Did you know that…..
A recent study, published by The Journal of Neuroscience, shows that the mere expectancy that a memory will beused in a future determines whether or not sleep significantlybenefits consolidation of this memory?
In that study the person had to learn”word paired associates” before retentionperiods of sleep or wakefulness. The scientifics found that post-learning sleep comparedwith wakefulness produced a strong improvement at delayed retrievalonly if the subjects had been informed about the retrieval testafter the learning period. But if they had not been informed, retrievalafter retention sleep did not differ from that after the wakeretention interval.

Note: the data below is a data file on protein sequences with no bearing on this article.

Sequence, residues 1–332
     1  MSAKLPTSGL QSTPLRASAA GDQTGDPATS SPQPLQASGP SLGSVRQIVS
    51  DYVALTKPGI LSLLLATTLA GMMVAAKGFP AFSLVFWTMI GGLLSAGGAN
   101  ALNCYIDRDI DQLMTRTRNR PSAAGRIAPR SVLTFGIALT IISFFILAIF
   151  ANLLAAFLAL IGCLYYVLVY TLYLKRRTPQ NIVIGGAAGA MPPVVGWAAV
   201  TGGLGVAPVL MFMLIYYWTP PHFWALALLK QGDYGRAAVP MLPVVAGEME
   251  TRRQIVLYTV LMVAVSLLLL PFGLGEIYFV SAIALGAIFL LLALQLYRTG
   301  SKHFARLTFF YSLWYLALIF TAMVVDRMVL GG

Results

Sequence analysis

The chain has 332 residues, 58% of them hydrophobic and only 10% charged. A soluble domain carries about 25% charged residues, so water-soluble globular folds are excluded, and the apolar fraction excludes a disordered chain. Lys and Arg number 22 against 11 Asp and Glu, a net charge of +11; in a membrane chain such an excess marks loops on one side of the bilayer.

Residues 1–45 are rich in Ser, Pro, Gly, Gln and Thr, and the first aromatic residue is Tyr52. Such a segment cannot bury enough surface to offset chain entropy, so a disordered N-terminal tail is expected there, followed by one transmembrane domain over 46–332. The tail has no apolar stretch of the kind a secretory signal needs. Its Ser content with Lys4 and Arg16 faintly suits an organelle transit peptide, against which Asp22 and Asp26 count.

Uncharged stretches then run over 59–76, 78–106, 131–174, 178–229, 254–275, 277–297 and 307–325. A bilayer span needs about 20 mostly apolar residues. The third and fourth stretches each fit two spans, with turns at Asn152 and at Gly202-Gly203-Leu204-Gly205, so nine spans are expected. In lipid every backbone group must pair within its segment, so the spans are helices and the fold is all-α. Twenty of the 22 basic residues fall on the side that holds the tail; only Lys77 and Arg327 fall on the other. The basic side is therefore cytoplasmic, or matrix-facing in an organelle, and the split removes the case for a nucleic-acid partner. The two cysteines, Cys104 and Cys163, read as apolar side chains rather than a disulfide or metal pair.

The conclusion was the following : sleep preferentially benefits consolidationof memories that are relevant for future behavior, presumablythrough a SWS (slow-wave sleep ) dependent reprocessing of these memories.
That study, entitled “Sleep Selectively Enhances Memory Expected to Be of Future Relevance”, has been carried out by Germans and Swiss investigators of Department of Neuroendocrinology, Lübeck, (Susanne Diekelmann) and the Department of Medical Psychology, Tübingen University, (Jan Born).
(Edited by Dr. María Moya Guirao, MD)